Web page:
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Mentoring girls to be women of purpose

By Njoki Karuoya | June 22nd 2013 at 00:00:00 GMT +0300

By Njoki Karuoya

A woman is a ‘Wonderfully Organised Man’.

The connection after this statement was made by the head girl of Precious Blood Girls High School Riruta was so stunning that the audience immediately burst out in laughter and cheers.
And that’s what we really are — wonderfully created beings trusted by God to assist in taking care of His creation. And the only way we can do that is by appreciating our mandate as women as decreed by God, not by man.

Sometimes I wonder, what did God tell Eve after she woke up for the very first time after her creation? There is no way that God just looked at her in silence, motioning her into silence as they waited for man to wake up so that He could make his decree. Just visualise that: Woman wakes up, finds God staring at her, then God nods His head in appreciation of His creation (for it was extremely beautiful) then walks away, waiting for Adam to wake up.

Me thinks God and Eve had a long conversation about her role in the larger scheme of things and what He expected her to do and achieve in this world. But because all religious writings are excessively skewed towards men and their stories and inspirational thoughts, this conversation between woman and God is lost forever. How sad!

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Thus, woman has had to figure out her role through trial and error. To a large extent, she has had to rely on others telling her what to do. A lot of it has been false direction as the ulterior motive was to subjugate and keep her in check.

That’s why before I believe what someone tells me to do, I first interrogate their motive. Maybe that is why some people have always thought of me as a rebel, which I don’t think is an entirely bad thing as long as the end game is to fashion for yourself and your loved ones a better life, not rebelling for the sake of it by doing all the wrong things that only end up destroying your life.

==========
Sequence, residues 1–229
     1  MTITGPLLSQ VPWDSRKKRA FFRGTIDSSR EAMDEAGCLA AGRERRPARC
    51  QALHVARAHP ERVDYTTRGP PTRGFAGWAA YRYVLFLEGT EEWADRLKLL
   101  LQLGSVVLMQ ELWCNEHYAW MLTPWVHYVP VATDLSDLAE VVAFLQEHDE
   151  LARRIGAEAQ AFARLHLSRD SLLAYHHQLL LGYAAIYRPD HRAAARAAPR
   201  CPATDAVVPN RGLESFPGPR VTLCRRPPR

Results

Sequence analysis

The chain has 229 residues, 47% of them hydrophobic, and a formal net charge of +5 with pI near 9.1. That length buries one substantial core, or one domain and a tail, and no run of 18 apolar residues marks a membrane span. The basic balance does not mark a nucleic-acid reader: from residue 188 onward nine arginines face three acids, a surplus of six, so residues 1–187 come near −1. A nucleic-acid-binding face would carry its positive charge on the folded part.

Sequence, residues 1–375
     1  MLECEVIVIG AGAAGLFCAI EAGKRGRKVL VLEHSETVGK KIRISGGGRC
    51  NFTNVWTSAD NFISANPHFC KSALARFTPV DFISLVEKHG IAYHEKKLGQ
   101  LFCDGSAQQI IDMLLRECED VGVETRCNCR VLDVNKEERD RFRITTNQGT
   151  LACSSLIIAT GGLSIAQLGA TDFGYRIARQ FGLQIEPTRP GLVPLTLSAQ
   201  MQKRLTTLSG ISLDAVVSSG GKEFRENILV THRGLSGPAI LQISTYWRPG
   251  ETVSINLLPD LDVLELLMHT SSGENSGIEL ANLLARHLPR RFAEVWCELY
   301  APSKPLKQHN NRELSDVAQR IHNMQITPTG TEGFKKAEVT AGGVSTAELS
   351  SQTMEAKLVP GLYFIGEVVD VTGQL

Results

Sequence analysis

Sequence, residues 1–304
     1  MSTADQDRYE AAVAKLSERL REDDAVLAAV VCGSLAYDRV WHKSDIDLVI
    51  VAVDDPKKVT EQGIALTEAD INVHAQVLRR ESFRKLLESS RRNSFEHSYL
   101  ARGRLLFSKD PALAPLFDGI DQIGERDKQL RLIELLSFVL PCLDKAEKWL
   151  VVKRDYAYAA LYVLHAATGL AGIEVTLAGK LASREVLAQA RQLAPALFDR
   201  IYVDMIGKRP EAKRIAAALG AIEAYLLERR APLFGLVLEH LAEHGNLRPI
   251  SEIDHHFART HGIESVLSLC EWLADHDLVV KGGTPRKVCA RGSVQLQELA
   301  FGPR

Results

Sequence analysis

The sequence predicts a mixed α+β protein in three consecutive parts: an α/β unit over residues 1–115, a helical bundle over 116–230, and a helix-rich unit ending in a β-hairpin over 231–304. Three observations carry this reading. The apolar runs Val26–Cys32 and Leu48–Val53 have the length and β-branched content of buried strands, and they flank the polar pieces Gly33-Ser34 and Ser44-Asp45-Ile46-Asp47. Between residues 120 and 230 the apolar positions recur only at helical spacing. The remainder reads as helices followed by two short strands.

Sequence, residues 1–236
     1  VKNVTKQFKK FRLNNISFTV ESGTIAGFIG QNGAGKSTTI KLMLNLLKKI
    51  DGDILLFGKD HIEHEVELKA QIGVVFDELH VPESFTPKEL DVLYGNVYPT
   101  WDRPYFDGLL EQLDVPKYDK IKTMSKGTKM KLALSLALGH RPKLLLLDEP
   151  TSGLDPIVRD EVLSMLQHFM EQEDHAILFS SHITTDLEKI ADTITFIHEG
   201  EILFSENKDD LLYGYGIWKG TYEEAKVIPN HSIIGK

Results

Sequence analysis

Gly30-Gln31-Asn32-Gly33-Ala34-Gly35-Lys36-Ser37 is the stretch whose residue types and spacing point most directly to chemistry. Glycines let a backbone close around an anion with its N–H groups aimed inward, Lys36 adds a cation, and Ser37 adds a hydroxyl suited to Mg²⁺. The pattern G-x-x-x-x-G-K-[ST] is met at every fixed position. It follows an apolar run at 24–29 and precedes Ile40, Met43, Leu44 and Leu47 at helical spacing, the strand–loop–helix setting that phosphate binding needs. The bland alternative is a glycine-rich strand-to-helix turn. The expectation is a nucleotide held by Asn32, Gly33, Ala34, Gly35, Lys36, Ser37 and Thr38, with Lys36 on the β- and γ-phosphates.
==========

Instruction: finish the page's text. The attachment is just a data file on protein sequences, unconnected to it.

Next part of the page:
We were at Precious Blood, Riruta last Sunday to bond, share and network with the girls and, as usual, it was a wonderful experience. I was accompanied by the UNDP’s Sheila Ngatia, KTN Sunrise host Yvonne Okwara, Clark & Hampton CEO Stephanie Mwite, and officials of the University of Nairobi Women Students Welfare Association (Woswa).

Sheila shared her experiences as a girl growing up and advised the girls to only establish relationships and friendships that built them, not broke them or took them backwards. In order to succeed in life, she said, one must be careful of her associations, including one’s selection of boyfriends as they must be based on growth and on taking someone from one level to the next, not the other way around. She then advised the girls to interrogate their existing relationships and friendships and remove all negative influences from their lives, including destructive critics, if they are to progress towards success.Sheila also spoke about the importance of honouring parents, of including God in all of one’s undertakings, and on focusing on future career growth.

The Woswa officials alerted the high school girls to the challenges they may face on joining campus such as financial limitations, sexual exploitation and abuse, peer pressure, alcohol and drug abuse, and course selection among others. The officials also dealt with the myths and perceptions that surround the social life in universities; and provided insights into how the high school girls can deal with these challenges when they eventually join a university or college.

Yvonne talked about the important place of rules and regulations in institutions and at home, and why the girls should focus on living their lives with dignity and pride. She then gave the girls a task - to each develop what she called ‘Standard Operating Procedures’, which are the key principles that guide one’s daily programme and routine, from waking up to sleep time. The procedures also guide one’s behaviour at work, at home and when dealing with other people including friends and clients.

Stephanie cracked the audience up with stories of girls behaving badly as she taught them on the proper etiquette for ladies. These talks are  fulfilling. There is nothing more uplifting and inspirational than sharing your experiences with young girls and women in general because this is when we learn, grow and move forward instead of reinventing the wheel.

You too, can be a mentor. It doesn’t take much nor cost a lot, but you must have the desire to give, to inspire and to change lives.

 


 


Eve woman Njoki Karuoya
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